By  on September 28, 2005

NEW YORK — A 18.9 point plunge Tuesday in consumer confidence for September marked the lowest level of the indicator since October 2003, as well as the largest point decline in 15 years, thanks to rising fuel prices stemming from the devastation from Hurricane Katrina.

The Conference Board's Consumer Confidence Index, for the four weeks ended Sept. 20, dropped to 86.6 for the month from 105.5 in August. Economists had expected the index to decline to around a reading of 95.

Both components of the Index in September fell, with the Present Situation Index declining to 108.9 from 123.8 and the Expectations Index decreasing to 71.7 from 93.3 last month.

Economist Maury Harris at UBS said in a report Tuesday that the "sizeable plunge in confidence would ordinarily be viewed as recession-like, although in this case the drop is widely expected to be reversed as gasoline prices stop soaring and the shock of Katrina subsides."

Harris said a rebound in confidence likely would stem from the "resilience in the labor market." He noted that jobless claims so far have stayed low, when excluding direct hurricane effects, suggesting that the "deterioration in the employment parts of the Conference Board survey was an overreaction in the wake of Hurricane Katrina and the surge in gasoline prices."

In a research note on Sept. 16, which explained the plunge in the University of Michigan consumer sentiment index to 76.9 from 89.1 in August, Harris stated: "One of the key lessons of the past two years has been that jobless claims are usually a more reliable gauge of the underlying trend in growth than the consumer data."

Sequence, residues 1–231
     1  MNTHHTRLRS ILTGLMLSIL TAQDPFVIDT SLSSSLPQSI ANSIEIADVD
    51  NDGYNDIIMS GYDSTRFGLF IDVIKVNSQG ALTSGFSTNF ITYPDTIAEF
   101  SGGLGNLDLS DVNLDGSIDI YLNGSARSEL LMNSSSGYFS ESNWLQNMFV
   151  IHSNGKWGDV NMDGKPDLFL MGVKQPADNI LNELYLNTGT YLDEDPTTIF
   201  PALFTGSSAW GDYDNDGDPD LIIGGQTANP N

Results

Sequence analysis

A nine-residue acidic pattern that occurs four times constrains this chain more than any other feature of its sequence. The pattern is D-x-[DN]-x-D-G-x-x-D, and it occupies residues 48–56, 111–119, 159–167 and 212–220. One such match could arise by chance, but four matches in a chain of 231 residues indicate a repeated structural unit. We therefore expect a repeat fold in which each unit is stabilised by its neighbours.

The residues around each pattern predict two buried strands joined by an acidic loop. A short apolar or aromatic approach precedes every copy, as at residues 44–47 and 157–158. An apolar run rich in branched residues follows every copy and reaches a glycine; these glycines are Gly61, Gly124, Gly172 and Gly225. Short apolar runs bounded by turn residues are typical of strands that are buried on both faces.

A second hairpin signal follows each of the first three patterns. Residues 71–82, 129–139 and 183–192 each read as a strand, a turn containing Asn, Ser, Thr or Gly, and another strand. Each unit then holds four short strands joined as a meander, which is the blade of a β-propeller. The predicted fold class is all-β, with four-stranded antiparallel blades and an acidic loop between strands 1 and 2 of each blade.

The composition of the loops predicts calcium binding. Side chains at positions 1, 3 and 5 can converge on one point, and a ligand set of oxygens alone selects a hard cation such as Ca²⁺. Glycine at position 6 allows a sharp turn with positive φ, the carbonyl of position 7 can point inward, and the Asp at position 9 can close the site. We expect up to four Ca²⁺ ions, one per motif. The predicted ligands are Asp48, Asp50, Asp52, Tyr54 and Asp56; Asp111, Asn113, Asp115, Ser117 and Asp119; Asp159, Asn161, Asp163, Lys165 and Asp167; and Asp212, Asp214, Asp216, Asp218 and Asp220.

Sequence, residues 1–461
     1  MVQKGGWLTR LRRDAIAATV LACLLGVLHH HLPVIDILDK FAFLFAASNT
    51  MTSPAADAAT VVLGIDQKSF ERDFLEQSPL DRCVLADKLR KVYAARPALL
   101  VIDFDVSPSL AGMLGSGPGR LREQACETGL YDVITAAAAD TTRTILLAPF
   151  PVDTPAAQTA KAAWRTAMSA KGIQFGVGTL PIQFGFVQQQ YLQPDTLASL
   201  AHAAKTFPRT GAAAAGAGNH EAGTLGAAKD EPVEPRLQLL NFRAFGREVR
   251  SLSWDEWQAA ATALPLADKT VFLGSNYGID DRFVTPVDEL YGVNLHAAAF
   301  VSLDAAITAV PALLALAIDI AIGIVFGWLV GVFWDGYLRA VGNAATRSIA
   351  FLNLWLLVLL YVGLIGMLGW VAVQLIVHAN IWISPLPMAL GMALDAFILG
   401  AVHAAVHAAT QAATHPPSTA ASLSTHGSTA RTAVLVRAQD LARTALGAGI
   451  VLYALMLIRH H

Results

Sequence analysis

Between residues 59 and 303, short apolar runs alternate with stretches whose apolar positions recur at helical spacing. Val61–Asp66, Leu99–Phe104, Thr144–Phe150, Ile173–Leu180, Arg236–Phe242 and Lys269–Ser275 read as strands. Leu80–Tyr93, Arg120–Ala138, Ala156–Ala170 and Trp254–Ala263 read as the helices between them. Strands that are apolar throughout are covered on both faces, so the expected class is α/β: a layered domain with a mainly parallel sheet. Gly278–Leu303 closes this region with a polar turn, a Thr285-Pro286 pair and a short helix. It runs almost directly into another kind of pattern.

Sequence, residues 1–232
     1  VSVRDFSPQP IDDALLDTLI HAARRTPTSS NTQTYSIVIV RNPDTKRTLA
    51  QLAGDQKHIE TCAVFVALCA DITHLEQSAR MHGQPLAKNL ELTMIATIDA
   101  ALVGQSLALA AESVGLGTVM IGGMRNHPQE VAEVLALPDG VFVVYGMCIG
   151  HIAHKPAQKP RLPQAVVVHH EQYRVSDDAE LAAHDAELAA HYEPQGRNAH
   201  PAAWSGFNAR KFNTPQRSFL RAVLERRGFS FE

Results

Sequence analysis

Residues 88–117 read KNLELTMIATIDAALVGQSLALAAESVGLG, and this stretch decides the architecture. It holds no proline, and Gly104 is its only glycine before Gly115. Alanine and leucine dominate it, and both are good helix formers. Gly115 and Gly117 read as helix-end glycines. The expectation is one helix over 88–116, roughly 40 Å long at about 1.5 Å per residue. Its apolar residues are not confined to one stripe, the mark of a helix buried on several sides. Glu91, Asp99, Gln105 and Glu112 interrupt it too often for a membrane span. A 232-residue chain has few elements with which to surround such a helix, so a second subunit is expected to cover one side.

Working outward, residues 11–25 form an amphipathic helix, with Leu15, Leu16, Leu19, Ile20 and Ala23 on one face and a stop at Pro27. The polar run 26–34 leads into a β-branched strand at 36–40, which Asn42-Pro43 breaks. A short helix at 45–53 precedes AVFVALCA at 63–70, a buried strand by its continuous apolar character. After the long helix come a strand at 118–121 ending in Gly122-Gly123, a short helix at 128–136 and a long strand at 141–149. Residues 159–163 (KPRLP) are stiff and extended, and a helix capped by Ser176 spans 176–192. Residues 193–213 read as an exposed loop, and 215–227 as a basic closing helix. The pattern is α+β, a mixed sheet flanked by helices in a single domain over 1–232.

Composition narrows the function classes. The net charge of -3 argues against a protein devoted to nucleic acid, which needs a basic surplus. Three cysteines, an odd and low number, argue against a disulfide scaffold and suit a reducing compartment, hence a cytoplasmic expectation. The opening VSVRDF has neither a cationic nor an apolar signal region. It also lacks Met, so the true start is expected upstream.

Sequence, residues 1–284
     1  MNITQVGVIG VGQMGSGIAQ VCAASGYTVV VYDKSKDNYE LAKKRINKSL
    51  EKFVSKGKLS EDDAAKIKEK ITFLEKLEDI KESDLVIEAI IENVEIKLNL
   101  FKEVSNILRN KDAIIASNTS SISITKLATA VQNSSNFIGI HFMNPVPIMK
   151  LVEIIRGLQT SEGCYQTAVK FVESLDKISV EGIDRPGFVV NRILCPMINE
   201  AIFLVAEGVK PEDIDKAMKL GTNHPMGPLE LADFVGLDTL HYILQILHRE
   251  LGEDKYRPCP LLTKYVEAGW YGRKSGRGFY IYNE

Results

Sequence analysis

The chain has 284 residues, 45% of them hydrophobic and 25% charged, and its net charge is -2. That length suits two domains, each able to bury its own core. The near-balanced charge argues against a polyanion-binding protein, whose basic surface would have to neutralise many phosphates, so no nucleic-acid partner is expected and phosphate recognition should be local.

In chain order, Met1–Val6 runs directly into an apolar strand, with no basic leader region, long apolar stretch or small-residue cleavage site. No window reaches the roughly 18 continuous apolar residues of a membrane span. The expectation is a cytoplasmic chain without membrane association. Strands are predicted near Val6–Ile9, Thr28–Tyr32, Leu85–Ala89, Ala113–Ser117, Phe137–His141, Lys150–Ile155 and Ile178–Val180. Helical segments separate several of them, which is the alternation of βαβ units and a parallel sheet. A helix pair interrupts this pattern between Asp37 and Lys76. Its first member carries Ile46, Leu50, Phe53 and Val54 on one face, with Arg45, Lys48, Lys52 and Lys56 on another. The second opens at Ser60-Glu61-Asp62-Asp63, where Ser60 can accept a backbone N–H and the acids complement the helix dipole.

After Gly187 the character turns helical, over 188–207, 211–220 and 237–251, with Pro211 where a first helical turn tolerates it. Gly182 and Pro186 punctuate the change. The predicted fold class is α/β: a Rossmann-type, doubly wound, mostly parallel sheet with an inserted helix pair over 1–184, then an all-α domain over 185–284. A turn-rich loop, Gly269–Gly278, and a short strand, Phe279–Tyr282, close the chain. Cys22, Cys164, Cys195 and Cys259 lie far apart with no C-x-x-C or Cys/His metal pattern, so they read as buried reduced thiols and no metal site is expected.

The employment picture in the Conference Board's survey for September certainly was far from rosy. Consumers who believed jobs are "hard to get" rose to 25.4 percent from 23.1 percent, while those claiming jobs are "plentiful" fell to 20.1 percent from 23.6 percent. Those expecting more jobs to become available in the coming six months decreased to 14 percent from 16.4 percent, while those expecting fewer jobs increased to 25 percent from 17.3 percent, the Board said.

"Historically, shocks have had a short-term impact on consumer confidence, especially on consumers' expectations. Fuel prices remain high, though they have retreated in recent days, and when combined with a weaker job market outlook, will likely curb both confidence and spending for the short-run. As rebuilding efforts take hold and job growth gains momentum, consumers' confidence should rebound and return to more positive levels by yearend or early 2006," said Lynn Franco, director of the Conference Board's Consumer Research Center, in a statement.

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